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“Synthetic Reality – Part 3” Parashat Mishpatim 5782

This essay completes our discussion on reality, belief and Divine revelation. After the Torah is given at Mount Sinai, Moshe, Aaron and his sons Nadav and Avihu, along with the seventy elders of Israel are treated to yet another revelation [Shemot 24:10]: “They saw the G-d of Israel: under His feet there was the likeness of bricks (livnat) of sapphire, like the very sky for purity”. What exactly was it that they saw and why did G-d choose to reveal Himself specifically through this medium?

Rashi, the most eminent of the medieval commentators, who lived in France in the eleventh century, suggests that the “bricks of sapphire” were symbolic of the slave labour that the Jews had performed for Pharaoh in Egypt [Shemot 1:14] “with harsh labour at mortar and bricks”. G-d kept the bricks close at hand, at the foot of His Throne, as a constant “reminder” of the Jewish People. Other commentators suggest that the word “livnat”, translated above as “brick (leveina)”, actually comes from the word “white (lavan)”, meaning that this revelation was as clear as ice. Here is how Rabbi Ovadiah Seforno, who lived in Italy in the sixteenth century, describes it: “In essence, [the sapphire was] totally transparent, devoid of colours and permanent contours so that it is almost completely abstract, capable of absorbing spiritual input from spiritual domains at will.” The revelation, as a meeting of the physical and the spiritual, possessed an unparalleled clarity. The Seforno continues “It is the essence of what we consider the celestial regions… It is not connected to the solid physical planets…. [It] has no physical dimensions, making it appear as if it is the spiritual dimension of Heaven itself.”

The Talmud in Tractate Menachot [43b] takes a different approach, emphasizing the blue[1] hue of the sapphire. The Talmud expounds upon the Torah’s commandment to dye one of the fringes (tzitzit) on the corner of a garment sky blue (tekhelet): “Why is tekhelet different from all other colours? Because tekhelet is similar to the sea, and the sea is similar to the sky, and the sky is similar to the Throne of Glory, as it is stated in scripture ‘under His feet there was the likeness of bricks of sapphire’.” Rabbi Aryeh Kaplan, writing in “Jewish Meditation”, regards this passage as a description of contemplation meditation. “With the blue thread as the subject of such a meditation, one can experience the cool calmness of the sea and the serenity of its depths. One’s thoughts are then directed up to the heavens, higher and higher, up to the farthest reaches of the sky. Then one’s thoughts penetrate the sky, and one approaches the Throne of Glory.” The significant feature was not the shape of the Divine Throne or its lack of colour. The colour of the throne was what made it exceptional.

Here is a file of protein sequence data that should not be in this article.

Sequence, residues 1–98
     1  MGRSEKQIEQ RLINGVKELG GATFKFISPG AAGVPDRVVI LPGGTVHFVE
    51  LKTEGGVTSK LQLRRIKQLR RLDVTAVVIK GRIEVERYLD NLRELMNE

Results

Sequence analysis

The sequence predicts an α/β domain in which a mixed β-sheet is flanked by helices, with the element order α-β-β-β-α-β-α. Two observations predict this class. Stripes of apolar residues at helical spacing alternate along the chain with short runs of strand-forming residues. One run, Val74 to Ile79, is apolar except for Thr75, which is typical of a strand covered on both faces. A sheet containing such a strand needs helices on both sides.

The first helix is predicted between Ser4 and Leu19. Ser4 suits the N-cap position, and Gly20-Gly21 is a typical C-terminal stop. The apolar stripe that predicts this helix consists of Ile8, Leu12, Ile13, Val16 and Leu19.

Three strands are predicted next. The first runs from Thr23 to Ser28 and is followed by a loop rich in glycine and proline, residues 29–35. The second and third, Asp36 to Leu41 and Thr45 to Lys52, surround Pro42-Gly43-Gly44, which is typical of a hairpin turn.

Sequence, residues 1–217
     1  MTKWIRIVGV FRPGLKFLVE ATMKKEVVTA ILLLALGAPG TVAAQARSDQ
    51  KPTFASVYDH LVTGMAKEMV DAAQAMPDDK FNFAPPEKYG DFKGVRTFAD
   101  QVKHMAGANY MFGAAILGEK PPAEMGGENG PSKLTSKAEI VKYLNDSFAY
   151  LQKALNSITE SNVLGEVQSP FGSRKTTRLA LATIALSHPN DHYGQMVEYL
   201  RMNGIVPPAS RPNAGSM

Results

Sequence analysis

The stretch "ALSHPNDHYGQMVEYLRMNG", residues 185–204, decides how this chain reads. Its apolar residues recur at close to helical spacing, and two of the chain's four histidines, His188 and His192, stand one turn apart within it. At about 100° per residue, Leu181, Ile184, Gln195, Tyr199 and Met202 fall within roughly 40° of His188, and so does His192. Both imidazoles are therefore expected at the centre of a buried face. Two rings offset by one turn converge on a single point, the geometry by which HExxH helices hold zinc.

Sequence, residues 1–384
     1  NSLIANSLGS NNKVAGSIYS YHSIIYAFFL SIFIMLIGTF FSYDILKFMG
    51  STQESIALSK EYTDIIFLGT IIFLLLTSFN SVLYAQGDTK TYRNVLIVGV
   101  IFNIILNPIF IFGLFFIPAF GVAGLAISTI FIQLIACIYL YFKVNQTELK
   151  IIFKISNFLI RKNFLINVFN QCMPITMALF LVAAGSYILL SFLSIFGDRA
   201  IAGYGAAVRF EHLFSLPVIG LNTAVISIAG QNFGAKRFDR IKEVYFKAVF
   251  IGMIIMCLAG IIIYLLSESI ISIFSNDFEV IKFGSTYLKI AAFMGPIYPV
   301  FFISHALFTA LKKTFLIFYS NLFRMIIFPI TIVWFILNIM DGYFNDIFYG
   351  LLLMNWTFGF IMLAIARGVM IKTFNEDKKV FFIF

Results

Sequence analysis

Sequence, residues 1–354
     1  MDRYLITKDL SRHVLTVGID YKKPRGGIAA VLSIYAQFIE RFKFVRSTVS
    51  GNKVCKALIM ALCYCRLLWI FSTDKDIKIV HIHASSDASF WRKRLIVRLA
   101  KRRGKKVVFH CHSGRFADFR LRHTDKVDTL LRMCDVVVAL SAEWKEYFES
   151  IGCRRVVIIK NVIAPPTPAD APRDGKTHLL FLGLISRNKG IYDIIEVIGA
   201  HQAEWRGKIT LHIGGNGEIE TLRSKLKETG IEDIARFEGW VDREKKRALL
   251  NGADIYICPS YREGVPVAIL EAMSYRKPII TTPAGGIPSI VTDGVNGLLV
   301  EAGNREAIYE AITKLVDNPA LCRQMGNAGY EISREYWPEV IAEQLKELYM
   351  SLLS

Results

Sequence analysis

Before we proceed, we must understand the mathematical concept of a “projection”. In mathematical terms, the projection of an object is its intersection with a lower dimensional plane. For the less mathematically inclined, think of a shadow, which is essentially a two-dimensional projection of a three-dimensional object. Recall those animal hand shadows we used to make. By holding our hands in a certain way and by shining a light on them at a certain angle, we could make a shadow on the wall that looked like a rabbit, a swan, or even Tom Brady. Continuing down this path, consider a circular shadow. What made this shadow? It could have been made by shining a light on a ball, on the end of a cylinder, or even on a cardboard circle[2]. An object’s projection can tell us a certain amount about that object but not everything – information is lost in the process. Looking back at that cylinder, if you shine a light at its end, a circular shadow will appear but if the light is directed at its side, the shadow will look like a perfect rectangle. The story of the “Blind Men and the Elephant” comes to mind: A group of blind men who have never encountered an elephant before imagine what the elephant looks like only by touching it. Each blind man feels a different part of the elephant’s body, but only one part. They then describe the elephant based on their limited experience and their descriptions of the elephant are all wildly different. He who touched the side of the elephant sees a wall while the one who felt the tusk sees a spear. They are all right and yet they are all wrong. Each has “seen” only one projection of the elephant.